Lenny Moon/Special to SWAC.org NOTE: There have been several instances of a little-known collegiate prospect going on to stardom at the next level, and the Southwestern Athletic Conference is no stranger to such developments. Below, Houston-area radio personality Lenny Moon takes a closer look into the journeys of four of the greatest players to ever step foot in the SWAC, highlighting how this group of raw talent was transformed into some of the greatest college and professional players the game of football has ever seen. The players highlighted are all inductees into the Pro Football Hall of Fame: Robert Brazile, Aeneas Williams, Michael Strahan and Jerry Rice.
While working with recently inducted Pro Football Hall of Famer Robert “Dr. Doom” Brazile, a statement that he made to me resonated and compelled me to ponder the subject a little broader.
“(Jackson State University head football coach) Bob Hill actually was dead-set on recruiting my best friend Ricky Young. Since my father had driven us to Jackson (Mississippi) for the visit, I was like a “throw in” because he wanted Ricky that much and knew that we had already decided to go to the same school.”
So it goes without saying that one of the greatest linebackers in the history of the National Football League was developed by JSU’s coaching staff once he arrived. During Dr. Doom’s era, his defensive coordinator was W.C. Gorden (who would go on to establish himself as one of the top head coaches in Jackson State football annals).
Brazile was actually converted from tight end to linebacker early in his JSU Tiger career. Once this predator was matched with his skill set, he terrorized opponents effectively enough to be selected with the 6th pick of the 1st round of the 1975 NFL Draft.
Two defensive players from the same era of the Southwestern Athletic Conference are examples of the adage, “It’s not where you start that’s important, it’s where you finish.”
Pro Football Hall of Fame secondary star Aeneas Williams was not even offered a scholarship to play football at Southern University; he actually walked-on with only two years of eligibility remaining. The Baton Rouge, La. institution of higher learning, located on the bluff of the Mississippi River, must be given their fair share of credit for the development of this academia-oriented product from New Orleans.
Although he didn’t crack the Jaguars starting lineup until the mid-way point of his junior year, his 11 interceptions pilfered during his senior season led the nation and had attracted the attention of the NFL. The efforts of head coach Gerald Kimble and defensive coordinator Percy Duhe can’t be overlooked for assisting an athlete that decided to try college football only days before training camp (as an upperclassman) to a third round pick of the 1991 NFL Draft by the Phoenix/Arizona Cardinals.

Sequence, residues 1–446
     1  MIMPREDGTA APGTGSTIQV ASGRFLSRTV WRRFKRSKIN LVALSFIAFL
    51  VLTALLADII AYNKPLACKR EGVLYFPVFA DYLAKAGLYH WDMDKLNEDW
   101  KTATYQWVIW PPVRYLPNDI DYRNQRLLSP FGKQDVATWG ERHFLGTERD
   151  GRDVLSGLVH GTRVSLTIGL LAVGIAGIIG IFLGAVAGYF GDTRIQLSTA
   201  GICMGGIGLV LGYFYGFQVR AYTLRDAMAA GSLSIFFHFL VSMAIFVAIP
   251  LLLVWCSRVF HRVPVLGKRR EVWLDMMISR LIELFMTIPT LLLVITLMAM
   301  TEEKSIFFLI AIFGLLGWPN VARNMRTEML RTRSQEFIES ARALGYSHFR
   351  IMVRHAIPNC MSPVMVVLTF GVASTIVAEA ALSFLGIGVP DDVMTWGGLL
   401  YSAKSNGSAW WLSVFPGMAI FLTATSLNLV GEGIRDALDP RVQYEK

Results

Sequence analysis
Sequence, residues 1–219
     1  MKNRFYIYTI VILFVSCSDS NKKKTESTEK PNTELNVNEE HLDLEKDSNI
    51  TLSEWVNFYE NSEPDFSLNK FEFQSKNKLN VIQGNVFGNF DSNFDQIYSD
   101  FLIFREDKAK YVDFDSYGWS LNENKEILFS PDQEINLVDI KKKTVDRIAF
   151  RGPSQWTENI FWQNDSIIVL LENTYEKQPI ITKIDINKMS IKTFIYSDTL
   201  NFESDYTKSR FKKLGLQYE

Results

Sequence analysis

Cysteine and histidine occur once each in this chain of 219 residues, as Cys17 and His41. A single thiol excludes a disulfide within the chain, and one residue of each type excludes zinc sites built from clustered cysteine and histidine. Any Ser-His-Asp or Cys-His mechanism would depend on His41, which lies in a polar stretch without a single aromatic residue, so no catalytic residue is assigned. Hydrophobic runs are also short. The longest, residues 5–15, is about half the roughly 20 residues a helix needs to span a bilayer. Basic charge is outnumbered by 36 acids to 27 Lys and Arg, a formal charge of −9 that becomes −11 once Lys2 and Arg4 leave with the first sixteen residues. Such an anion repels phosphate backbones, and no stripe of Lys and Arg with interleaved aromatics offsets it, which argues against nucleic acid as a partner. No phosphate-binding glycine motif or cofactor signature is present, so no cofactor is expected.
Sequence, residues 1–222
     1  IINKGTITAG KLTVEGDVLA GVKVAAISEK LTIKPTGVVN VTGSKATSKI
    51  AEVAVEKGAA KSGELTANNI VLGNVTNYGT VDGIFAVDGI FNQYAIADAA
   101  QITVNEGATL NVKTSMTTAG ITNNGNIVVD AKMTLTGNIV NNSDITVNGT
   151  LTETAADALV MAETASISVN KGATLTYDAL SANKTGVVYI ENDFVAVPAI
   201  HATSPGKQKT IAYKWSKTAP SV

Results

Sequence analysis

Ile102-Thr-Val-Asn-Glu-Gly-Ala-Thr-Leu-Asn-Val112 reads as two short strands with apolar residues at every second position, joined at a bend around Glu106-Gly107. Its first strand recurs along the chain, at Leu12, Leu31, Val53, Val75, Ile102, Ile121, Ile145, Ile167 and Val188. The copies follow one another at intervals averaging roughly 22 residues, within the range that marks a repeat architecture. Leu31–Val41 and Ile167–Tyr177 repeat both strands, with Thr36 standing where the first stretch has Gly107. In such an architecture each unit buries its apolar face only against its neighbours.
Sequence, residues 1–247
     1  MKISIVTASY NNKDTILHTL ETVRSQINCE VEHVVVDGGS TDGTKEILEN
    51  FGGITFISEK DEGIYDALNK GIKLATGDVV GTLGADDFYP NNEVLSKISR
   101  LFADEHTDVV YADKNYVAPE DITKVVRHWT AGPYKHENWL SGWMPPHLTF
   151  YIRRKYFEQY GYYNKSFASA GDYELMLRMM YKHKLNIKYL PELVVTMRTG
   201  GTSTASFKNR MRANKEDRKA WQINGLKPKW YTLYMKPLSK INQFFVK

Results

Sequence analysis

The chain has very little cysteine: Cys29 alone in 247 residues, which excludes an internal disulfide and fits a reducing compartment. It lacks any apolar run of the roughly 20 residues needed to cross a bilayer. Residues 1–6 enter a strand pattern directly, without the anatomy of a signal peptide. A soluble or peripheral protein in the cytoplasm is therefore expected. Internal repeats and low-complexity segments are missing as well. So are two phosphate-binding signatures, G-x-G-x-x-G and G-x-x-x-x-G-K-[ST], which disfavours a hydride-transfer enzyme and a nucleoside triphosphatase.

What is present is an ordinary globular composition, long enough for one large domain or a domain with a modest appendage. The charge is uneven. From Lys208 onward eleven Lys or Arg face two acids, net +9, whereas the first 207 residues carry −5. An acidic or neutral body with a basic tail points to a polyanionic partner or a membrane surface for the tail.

Ironically, Duhe passed four months after his protégé received his gold jacket as a member of the Pro Football Hall of Fame in October of 2014.
The second of the aforementioned defensive stars of SWAC decent that falls into this category would be Houston Westbury High School product Michael Strahan.
Mike’s ascension into one of the premier pass rushers in the nation coincided with the early years of my football broadcasting days at Texas Southern University. It was widely circulated that TSU was the only college that offered “Stray” (as he was known during that time) a football scholarship, and that offer was said to be tied into Mike’s uncle being a former teammate of head coach Walter Highsmith.
Growing up in Germany until his senior year of high school was also a detriment to his development. Although he always possessed good size, the angular 6’5” gridder arrived with very little football acumen and essentially a “raw” prospect. In addition to Highsmith, Strahan’s defensive coordinator was former Houston Oilers cornerback C.L. Whittington.
A SWAC alum himself (having starred at Prairie View A&M) the Beaumont, Texas native inherited this solid piece of clay and molded an All-American that ultimately became a second-round pick of the 1993 NFL Draft by the New York Giants. Strahan was inducted into the PFHOF in 2014.
It’s hard to fathom that the greatest wide receiver the game has ever known was sparsely recruited coming out of Moor High School in the Delta of Mississippi. Jerry Rice was of average size (6-2, 175 pounds) and average speed (4.7-40 yd dash) for a collegiate pass catcher.
But what attracted Rice to Mississippi Valley State’s head football coach Archie “Gunslinger” Cooley had nothing to do with the gridiron.
“Jerry played down the highway from our campus and was on our radar screen as a prospect,” Cooley once said. “We heard that he also played basketball and one of my assistant coaches and myself went to see him play. What sold me was the way he dunked the basketball. I knew that this was an athlete.”
Rice and signal caller Willie Totten merged their talents to become the most dynamic tandem in collegiate football history. With Mississippi State located just 10 miles from Rice’s high school, it stands to reason that he must have been a “diamond in the rough” prior to his arrival in Itta Bena for the Bulldogs to pass on this gem.
Rice was drafted with the 16th pick of the first round of the 1985 NFL Draft and went on to author most of the major receiving standards in league history. The Crawford, Miss. native was inducted into the PFHOF in 2010.